• Will I be able to get enough business to make a living, earning what I want or need to earn?
  • Can I get others to understand the value of my hobby?
  • Can I grow the business at a sustainable rate?

If you’re answering yes to all of those, then you’re ready to start seriously considering making the leap from hobby to business.

But first….

Do Some Research

There’s usually no point in starting a business if there’s already someone succeeding at what you want to do on a level you can’t perform – or if you have no differentiator. What are the market and competition like? Is there a niche that’s being overlooked?

If the marketplace is already pretty full, try and think of a different way you can transform your hobby into a business – do something to make it unique and stand-out. Think about how to be a market disruptor.

Strategize and Create a Business Plan

Despite what some may say, you should develop a strategic and a business plan (there’s a difference). Start with a strategic plan and graduate to a business plan. This will help you create a foundation from which to build your business. It doesn’t have to be overly complex, and you’ll certainly change it along the way.

But start with a simple, concise strategic plan. Speaking of starting simple….

Start Small

You may have big dreams, and that’s great. But big dreams aren’t accomplished overnight. Instead, break the big goals down into smaller, actionable steps and objectives. Get a few sales under your belt. Figure out your flow. Make some mistakes.

And then, once you’ve settled into the idea of your hobby being a job, start building.

Treat it Like a Job

The only way people are going to take your business seriously is if you do. Once you’ve decided to turn your hobby into a business, it’s no longer just for fun or whenever you have a free time. Get up early. Work late. Be regular. Stay consistent.

Even if you’re doing something you love, it’s not always going to be enjoyable.

Get Another Hobby or Outlet

Now that your hobby is becoming your job, you need something else in your life to release tension and enjoy. Consider starting a new hobby that’s purely for pleasure. It’s important to maintain balance when starting a business.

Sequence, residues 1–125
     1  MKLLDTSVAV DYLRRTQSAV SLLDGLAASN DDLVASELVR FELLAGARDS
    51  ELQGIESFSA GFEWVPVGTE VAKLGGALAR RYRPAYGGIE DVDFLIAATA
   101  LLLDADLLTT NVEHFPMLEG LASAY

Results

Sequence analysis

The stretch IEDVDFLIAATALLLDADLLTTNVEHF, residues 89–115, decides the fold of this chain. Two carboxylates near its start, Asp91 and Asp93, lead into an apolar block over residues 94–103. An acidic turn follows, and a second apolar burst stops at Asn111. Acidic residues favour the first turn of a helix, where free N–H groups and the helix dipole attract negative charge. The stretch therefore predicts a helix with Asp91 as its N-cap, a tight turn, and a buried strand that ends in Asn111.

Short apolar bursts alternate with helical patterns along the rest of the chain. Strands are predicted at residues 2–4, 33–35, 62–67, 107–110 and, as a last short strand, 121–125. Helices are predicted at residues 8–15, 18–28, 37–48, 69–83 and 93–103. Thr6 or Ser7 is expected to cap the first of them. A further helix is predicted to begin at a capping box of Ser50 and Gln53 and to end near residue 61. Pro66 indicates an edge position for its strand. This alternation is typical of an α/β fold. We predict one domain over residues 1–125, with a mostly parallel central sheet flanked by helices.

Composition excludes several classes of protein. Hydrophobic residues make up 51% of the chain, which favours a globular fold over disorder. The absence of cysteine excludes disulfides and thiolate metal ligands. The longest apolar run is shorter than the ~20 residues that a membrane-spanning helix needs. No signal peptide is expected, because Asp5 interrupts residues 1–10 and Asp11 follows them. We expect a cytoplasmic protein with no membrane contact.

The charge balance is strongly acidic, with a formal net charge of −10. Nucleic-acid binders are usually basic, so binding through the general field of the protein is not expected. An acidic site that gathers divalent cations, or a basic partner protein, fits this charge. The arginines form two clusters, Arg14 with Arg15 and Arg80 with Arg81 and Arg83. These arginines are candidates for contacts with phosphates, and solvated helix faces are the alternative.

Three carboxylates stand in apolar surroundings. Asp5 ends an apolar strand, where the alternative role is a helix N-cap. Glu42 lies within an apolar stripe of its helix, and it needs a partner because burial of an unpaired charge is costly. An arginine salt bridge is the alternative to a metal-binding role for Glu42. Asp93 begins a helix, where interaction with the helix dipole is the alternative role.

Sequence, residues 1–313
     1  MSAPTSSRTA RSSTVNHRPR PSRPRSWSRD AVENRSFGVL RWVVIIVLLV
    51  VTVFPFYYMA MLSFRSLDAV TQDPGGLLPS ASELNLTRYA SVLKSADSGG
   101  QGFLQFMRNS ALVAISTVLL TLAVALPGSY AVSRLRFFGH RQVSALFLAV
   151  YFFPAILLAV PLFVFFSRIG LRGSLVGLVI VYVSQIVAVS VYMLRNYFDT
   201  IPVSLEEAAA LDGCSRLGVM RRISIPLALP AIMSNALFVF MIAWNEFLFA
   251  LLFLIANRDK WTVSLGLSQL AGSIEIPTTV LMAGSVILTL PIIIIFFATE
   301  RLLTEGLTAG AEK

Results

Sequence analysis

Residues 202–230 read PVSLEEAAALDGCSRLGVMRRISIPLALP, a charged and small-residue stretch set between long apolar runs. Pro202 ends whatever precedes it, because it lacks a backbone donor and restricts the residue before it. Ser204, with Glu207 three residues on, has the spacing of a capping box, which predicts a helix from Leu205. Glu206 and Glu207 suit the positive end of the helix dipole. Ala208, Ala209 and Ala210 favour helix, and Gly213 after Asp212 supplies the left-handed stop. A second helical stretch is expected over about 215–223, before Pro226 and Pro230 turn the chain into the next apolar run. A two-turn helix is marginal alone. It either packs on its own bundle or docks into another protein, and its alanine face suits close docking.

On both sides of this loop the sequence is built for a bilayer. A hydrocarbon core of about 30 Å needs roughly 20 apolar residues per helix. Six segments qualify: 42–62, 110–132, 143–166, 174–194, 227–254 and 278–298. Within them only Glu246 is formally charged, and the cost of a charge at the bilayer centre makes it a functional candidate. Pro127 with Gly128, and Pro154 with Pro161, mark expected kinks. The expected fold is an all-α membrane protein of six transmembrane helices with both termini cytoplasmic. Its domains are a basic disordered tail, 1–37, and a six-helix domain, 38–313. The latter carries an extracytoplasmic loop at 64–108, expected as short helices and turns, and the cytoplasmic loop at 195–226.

For more guidance on starting a successful business, make sure to check out Business is ART, available now at Amazon and other booksellers.

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Business Planning is Over My Head – Or is It?

March 31st, 2017 Posted by Business is ART, Business Plan, Entrepreneur 0 thoughts on “Business Planning is Over My Head – Or is It?”
This post was provided by guest blogger, Lindsey Evans, of 16th Floor Media. Find Lindsey on Facebook @16thFloor
Lindsey

Lindsey Evans – 16th Floor Media

When Jon told me that he was creating a business planning software, I have to admit I was skeptical. I’ve tried business planning before and it’s over my head.

I work in creative services and the mention of math in any form tends to turn me away. However, I agreed to try the Beta test version of Plan Canvas, the business planning tool based on Jon’s book, Business is ART. I am extremely glad that I did.

It all becomes clear with planning

I have been a solopreneur for a year and a half since I left my salary position. My goal for about 6 months was to hire an additional worker to take away my day-to-day workload and focus on the larger tasks. In the limited amount of time I’ve been able to dedicate to Plan Canvas in the last 2 months, it became apparent my hiring decision couldn’t wait.
Once I saw the numbers in black and white it jumped right out at me, ” What are you waiting for?”
I can proudly say I have added to my team! Not only is my workload lessened, but my client base has expanded!

Do it

I would recommend Plan Canvas to any business owner who thinks they “don’t need to formally plan anything.” Jon has thought two steps ahead with this software.
The beta test team is currently working with over 35 businesses and entrepreneurs across all types of industries! Start-ups and existing businesses, first-time business owners and seasoned pros – all part of the beta test!

Without hundreds of templates, it works for any type of business

Exactly what types of industries and professionals are currently using Plan Canvas?

Take a look!

  • eMail Marketing Consultant
  • Web Design
  • Architecture
  • Executive Coaching
  • Software / Consulting
  • Graphic Design Consultant
  • Graphic Design Consultant
  • Social Media Marketing
  • Property Management Consulting
  • Restoration
  • Startup Coach
  • Non-Profit Exec Director
  • Leadership Consulting
  • Web Design
  • Business Consultant
  • Craft Beer
  • Insurance Agent
  • Video Marketing
  • Painter (exterior/interior)
  • Chiropractor
  • Graphic Design
  • Entrepreneur – Restaurant Owner
  • CPA
  • Coffee Shop Owner
  • Retail Buyer
  • Baker
  • Blogger
  • College Professor
  • Chamber of Commerce
  • Startup entrepreneur / former banker
  • Mergers & Acquisitions Advisor
  • Baked Goods & Specialty Candy
  • University Entrepreneur Club Leader
  • Computer Services

If it works for me, it will work for anyone. Go to the Plan Canvas Facebook page to keep up with how the beta is going and more.

 

Plan Canvas is a community and a powerful software for improving your odds of business success and personal fulfillment.

© SeaSeven LLC 2017.
Developed with FRW Studios.